Rococo in design, it was built by Duke Karl Eugen in the mid 1700's really as a "quiet place", somewhere to escape to - hence the unusual name. But there were many difficulties - finance, war, the eternal politics, etc. and from being a private place it began to be used to house schools and academies of various kinds. A pupil at one of these schools was Friedrich Schiller. But eventually the building's upkeep was too costly and it closed.
                  An unexpected use of land nearby was as a race track! For 30 years in the 1900's the World Championship of Motorbike Grand Prix racing was held there and even some Formula 1 Grand Prix races took place, although these were "friendlies", not Championship occurrences.
                  The castle was restored in the last century and is now flourishing as the Academie Schloss Solitude, a place where artists of many disciplines can for a time live and work on a fellowship.
                  Ivy

                  "To thine own self be true.......
                  Thou canst not then be false to any man."

                  Comment


                    Since my friend is regularly buying these cars in GB to drive them to Germany, spend a little work on them and sells them again, it has become a very common feeling to me also. It is - for a car of this age - really easy and nice to drive. During our students time we used to own a lot of cars together to save costs like various VW T2 "Bully", a Trabant "Tramp" (the buggy version used by the GSR-army) and a BMW 525 "Derrick"-type. He is continuing this hobby until today and so discussing about car topics fills evenings. His latest buy: a 1961 Cadillac DeVille Sedan.
                    Compared to this, the white Minor Convertible is a "long runner", he is owning it since more than 3 years now! With 48hp you can swim easily with the modern traffic, it is simple made, but solid. If it should happen that you need a spare part, it is easy to get and increadibly cheap. You will attend more attraction than with most luxury or super sport cars and you always will meet smiling faces. Just wonderful!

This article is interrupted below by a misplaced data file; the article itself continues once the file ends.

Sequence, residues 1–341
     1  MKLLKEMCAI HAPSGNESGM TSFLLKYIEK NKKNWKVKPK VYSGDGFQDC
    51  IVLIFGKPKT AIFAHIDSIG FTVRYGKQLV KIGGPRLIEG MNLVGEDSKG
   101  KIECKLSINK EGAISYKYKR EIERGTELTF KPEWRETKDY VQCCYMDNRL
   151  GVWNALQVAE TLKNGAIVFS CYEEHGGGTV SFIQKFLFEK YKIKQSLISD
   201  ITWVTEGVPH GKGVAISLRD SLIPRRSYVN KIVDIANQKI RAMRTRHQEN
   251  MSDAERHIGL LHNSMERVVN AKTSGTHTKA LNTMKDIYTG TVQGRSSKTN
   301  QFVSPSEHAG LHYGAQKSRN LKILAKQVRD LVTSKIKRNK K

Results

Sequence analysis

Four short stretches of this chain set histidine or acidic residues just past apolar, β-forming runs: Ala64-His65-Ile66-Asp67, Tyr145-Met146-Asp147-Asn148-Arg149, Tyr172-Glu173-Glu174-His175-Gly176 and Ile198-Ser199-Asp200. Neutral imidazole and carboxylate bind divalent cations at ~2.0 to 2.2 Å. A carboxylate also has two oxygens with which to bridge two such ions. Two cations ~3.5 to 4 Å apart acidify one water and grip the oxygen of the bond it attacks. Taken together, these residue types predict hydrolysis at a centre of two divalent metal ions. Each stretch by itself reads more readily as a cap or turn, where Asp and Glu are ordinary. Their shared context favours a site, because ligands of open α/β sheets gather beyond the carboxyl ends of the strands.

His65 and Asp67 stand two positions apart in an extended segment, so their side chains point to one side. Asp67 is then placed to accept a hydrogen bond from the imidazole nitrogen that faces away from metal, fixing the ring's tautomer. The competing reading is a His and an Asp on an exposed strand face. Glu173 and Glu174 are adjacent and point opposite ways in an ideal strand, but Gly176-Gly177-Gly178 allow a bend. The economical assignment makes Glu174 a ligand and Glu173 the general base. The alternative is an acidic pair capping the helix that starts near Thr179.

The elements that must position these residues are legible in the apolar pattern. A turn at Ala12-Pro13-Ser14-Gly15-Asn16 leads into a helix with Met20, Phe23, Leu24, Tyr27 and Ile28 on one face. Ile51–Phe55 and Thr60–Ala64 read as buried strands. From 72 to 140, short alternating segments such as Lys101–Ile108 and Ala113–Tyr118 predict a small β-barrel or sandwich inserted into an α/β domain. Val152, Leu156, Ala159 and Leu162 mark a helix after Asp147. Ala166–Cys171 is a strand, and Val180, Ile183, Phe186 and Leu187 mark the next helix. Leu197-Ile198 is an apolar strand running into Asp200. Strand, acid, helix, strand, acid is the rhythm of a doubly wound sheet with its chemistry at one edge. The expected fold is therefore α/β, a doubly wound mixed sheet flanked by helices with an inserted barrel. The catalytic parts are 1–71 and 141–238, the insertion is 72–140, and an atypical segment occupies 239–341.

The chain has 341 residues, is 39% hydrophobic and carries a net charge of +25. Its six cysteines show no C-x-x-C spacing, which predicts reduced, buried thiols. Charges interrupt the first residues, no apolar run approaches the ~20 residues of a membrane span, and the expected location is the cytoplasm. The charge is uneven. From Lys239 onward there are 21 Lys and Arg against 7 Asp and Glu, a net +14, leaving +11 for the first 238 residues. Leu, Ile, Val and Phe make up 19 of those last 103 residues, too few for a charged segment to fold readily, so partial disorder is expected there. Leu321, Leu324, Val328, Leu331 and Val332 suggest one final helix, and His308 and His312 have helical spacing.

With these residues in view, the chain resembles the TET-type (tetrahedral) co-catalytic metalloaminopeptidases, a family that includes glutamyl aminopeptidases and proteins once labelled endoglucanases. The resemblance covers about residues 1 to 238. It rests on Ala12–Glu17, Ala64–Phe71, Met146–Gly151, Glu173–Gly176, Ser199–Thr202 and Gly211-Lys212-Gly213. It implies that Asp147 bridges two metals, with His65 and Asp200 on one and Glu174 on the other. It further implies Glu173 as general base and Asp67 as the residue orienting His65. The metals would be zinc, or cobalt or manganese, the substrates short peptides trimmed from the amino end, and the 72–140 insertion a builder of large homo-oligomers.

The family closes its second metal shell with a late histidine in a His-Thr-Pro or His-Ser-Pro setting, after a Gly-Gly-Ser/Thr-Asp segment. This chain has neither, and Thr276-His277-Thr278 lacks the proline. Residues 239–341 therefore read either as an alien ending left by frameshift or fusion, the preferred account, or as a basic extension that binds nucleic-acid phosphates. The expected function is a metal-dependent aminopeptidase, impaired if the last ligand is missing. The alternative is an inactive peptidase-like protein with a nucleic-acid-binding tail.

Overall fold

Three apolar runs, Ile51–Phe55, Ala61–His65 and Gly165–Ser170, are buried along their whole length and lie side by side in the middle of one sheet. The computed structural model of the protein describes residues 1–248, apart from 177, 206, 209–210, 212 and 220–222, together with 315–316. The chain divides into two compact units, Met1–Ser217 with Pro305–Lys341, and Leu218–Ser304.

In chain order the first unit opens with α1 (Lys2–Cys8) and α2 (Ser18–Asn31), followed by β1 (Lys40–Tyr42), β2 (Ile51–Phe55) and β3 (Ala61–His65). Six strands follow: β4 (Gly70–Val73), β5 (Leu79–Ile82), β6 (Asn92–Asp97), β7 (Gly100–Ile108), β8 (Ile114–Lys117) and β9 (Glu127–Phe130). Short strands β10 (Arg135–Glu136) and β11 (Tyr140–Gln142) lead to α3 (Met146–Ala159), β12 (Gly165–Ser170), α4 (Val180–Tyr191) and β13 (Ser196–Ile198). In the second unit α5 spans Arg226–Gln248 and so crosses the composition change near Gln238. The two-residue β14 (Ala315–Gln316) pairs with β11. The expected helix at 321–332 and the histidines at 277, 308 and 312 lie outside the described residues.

Regarding Solitude Castle it is important to state that Friedlich Schillers father used to be the chief gardener up there. Since my wife's family name is also Schiller, we feel close connected to this place.
                    Lofoten '07 ...... Nordnorge '11

                    Comment


                      What a delightful account of this cunning 'conspiracy' - I can't stop smiling!
                      Thank you, Cecilia. It was a delightful occasion, as were all my other days in Germany. But what made this special was the image of Ralf getting together with his friend, telling him about my enthusiasm for my little old car and saying, "Now, G.... what about me bringing Ivy round here and taking her for a drive in one of these? But shh-hh, I won't say anything about it to her, just between you and us, eh?" Both of them cooking up this surprise for me. I think G.... was tickled pink at my reaction.

                      And Ralf, I'm glad you approve of the Morris Minor. I must have said it somewhere on another thread but it is what I call a mechanical car, kept moving by simple things that you could see, touch, repair or replace. If you wanted the window down you took hold of the handle and wound it, no pressing a button on the door. If you wanted to adjust the wing mirror position you got out and yanked it round instead of adjusting a knob on the door. The heating was adjusted by a slider, just that, no Climate Control like my swanky little Seat Special which also chimes at me if it decides the roads outside may be icy. And woe betide you if you forgot to top up the radiator and oil and check the battery. AND it never locked me inside like the %$£&^%%£ little Seat did a year or so ago.